I introduce to you: the iPhone 4G.

This “hand phone” of today exemplifies how technology has improved our way of communication compared to the past.

Remember what a hand phone used to look like?

How about a hand phone of today?

A phone of today can make calls, entertain you with games and music, store data, check emails, connect to the internet and even make video calls to name a few. With the thousands of applications available for download, the usage of an iPhone is endless!

We can see how constrains in communications has been drastically improved. Verbal communication are instant with no boundaries of distance, information sent and received are instant and now with video calls interactivity is improved drastically. The internet can be accessed anywhere and business emails and information can be retrieved at any time.

Now, with the monopoly of a phone that can do almost anything, I can imagine the people of the mp3, camera and even the gaming companies panicking! By making a phone that can do everything their product can and more, a latent dysfunction is occurring, or in order words they are “Spoiling the market”.

Check this out:

Why is there a drop in video game sales?

Games of today need not be bought off the self, each costing about eighty dollars and giving you hours of gameplay. Games of today are downloaded straight into your phone, costing about 99 cents and available for short term bouts of fun, anywhere. It is no wonder that game sales have decreased.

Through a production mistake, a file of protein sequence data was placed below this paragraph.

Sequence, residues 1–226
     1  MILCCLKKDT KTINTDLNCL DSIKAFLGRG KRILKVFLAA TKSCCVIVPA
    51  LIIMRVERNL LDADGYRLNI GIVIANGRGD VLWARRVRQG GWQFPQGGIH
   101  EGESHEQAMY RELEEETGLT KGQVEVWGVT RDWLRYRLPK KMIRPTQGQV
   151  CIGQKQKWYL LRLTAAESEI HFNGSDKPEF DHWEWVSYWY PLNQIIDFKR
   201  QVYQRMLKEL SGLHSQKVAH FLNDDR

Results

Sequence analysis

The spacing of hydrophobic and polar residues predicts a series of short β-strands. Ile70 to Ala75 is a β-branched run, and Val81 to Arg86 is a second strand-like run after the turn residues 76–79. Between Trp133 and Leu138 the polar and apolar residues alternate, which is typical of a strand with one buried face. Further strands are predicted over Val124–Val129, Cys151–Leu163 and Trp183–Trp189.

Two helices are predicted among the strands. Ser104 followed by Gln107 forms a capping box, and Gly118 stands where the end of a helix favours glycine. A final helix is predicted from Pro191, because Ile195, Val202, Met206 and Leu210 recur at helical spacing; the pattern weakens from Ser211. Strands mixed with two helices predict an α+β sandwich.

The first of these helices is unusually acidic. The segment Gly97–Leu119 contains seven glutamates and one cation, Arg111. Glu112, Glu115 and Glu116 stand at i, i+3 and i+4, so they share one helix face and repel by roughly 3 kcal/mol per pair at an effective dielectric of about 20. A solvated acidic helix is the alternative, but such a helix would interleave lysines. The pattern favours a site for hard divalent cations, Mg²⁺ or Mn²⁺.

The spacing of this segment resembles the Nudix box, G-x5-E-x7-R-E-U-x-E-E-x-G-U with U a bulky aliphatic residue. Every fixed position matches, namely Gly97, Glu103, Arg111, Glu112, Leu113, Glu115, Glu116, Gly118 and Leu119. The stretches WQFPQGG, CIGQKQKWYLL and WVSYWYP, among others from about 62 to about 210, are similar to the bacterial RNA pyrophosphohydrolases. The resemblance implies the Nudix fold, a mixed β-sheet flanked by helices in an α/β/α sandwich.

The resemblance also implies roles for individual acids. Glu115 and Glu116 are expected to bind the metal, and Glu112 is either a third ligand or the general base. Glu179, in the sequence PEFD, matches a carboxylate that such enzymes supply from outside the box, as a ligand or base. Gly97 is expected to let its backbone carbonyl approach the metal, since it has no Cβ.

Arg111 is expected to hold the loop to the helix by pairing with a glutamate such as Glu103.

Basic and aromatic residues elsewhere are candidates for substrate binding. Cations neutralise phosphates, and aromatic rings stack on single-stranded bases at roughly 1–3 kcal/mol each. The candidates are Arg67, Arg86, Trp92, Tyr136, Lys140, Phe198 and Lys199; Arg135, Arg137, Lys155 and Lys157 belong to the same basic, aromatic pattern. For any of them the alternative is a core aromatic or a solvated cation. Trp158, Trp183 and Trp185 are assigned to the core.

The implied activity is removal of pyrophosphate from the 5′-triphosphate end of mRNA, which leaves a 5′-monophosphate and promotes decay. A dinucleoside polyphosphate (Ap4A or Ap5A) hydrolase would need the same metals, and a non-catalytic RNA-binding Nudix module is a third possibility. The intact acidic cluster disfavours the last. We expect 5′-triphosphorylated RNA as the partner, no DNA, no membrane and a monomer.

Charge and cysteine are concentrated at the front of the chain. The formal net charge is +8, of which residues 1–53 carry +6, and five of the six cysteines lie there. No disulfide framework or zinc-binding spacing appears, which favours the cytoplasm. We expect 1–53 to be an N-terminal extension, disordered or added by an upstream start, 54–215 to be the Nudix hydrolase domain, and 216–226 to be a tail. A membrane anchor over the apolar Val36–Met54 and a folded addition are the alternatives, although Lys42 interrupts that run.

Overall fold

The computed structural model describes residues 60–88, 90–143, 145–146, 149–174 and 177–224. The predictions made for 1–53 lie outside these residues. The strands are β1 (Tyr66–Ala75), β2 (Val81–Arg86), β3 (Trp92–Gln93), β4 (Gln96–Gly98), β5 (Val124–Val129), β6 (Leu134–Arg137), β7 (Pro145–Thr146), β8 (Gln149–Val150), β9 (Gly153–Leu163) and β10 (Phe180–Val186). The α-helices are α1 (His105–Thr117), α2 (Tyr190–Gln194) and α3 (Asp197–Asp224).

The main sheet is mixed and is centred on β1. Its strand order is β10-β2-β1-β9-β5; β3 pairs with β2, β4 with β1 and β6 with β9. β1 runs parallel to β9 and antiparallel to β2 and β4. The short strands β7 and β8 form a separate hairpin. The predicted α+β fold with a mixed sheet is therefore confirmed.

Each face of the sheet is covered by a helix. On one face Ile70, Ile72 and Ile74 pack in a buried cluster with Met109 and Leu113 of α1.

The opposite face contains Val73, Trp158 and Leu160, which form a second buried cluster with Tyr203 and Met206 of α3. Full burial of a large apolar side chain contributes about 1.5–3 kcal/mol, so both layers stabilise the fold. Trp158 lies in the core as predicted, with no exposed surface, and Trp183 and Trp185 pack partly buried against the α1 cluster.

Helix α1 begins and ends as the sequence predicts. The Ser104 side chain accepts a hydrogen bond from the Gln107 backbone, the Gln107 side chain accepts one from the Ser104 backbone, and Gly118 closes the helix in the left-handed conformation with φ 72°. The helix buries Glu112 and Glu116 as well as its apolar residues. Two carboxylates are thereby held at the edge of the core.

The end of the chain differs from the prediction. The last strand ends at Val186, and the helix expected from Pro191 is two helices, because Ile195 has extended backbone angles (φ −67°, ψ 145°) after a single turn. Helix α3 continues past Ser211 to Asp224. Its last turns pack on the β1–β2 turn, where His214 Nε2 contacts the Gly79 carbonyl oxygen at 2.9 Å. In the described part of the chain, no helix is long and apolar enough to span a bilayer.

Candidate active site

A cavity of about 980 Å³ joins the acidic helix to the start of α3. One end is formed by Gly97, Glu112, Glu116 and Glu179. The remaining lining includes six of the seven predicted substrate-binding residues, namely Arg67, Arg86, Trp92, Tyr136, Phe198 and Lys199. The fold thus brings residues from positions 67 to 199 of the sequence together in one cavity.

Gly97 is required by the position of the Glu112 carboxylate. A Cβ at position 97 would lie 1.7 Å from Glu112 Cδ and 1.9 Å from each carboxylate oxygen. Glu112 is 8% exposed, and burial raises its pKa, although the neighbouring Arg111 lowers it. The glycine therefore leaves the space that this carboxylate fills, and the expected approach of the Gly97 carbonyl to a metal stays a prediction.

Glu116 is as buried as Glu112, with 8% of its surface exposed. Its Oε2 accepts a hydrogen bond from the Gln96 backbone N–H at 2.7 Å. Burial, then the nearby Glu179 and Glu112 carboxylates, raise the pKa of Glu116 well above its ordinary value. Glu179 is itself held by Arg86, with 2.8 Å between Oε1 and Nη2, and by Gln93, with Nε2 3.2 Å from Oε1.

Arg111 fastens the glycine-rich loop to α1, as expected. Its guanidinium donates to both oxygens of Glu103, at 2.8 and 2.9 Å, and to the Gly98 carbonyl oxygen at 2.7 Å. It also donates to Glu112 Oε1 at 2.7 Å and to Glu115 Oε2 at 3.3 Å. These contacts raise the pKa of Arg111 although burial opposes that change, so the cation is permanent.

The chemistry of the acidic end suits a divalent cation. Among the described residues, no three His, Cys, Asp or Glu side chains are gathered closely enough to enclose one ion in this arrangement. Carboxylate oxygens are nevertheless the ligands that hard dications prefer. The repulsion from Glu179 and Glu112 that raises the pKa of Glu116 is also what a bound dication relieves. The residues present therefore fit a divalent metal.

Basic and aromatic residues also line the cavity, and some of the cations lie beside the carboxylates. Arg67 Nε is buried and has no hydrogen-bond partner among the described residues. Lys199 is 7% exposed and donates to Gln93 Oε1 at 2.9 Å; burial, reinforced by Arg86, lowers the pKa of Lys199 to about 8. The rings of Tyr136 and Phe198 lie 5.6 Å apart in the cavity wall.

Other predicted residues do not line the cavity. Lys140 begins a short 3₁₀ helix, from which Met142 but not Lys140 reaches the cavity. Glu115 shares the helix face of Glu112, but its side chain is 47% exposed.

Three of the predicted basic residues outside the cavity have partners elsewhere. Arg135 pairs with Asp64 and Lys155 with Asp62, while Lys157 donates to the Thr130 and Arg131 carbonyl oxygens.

Reading a book?

I find it so amazing that a hand phone is not just a phone today. Advancement in technology has changed the function of a phone. Making calls are just one of the ways to communicate. This buffet of options for the user can cause what I call the “Impatient generation”: technologically savvy users who are so used to this amount of integration and speed of processing that we take it for granted and cannot accept anything worse, no matter how slight.
Imagine using a 56k modem to visit a friend on Facebook, with about, 100 pictures?

Teenagers in your area annoying you?

Angry Birds, anyone?

All images and videos are not owned by me but by their respective owners.




6 responses to this post.

  1. Hi, yes it is true that technology has enhanced communication between people, but it is important to note that certain advances like in the case of social networking sites can actually ruin relationships despite the convenience of communicating.

    pls do comment on my blog post too thanks.



  2. The evolving technology of cell phones has never failed to bemuse (yet! Belittle) me.

    First, there’s the multi-media function (I, a somewhat technology illiterate ‘noob’, am not even sure what this means!). Because I am usually the most familiar with the calling, texting and emailing function, when all other creatively crafted icons representing ‘apps’ (applications) and Blackberry Messenger (BBM) have become the sculptor of the world today, I am bombarded with ‘God-knows-what’ and ‘God-knows-how’s. In all this, a solitary question is set forth: Do we really require all these digital functions to get through the day?

    At present, it is common knowledge (disclaimer: mostly for developed and developing countries) that cell phones take on the role of a camera (with at least 6.0 megapixels these days – but please correct me if I am wrong), with a photo editing software and zooming, panning abilities. On top of the snapshot technology, an average cell phone is also able to act as a radio or a stereo – resonating music (not the unpleasant polyphonic ring tones but real, actual music, base, drums and all) from its in-built speakers. The list of roles that the cell phone has acquired over the millennia can very well go on, almost infinitesimally: Video-graphing, video-calling (3G), speed-dialing, predicting the weather, accessing the Internet, watching videos…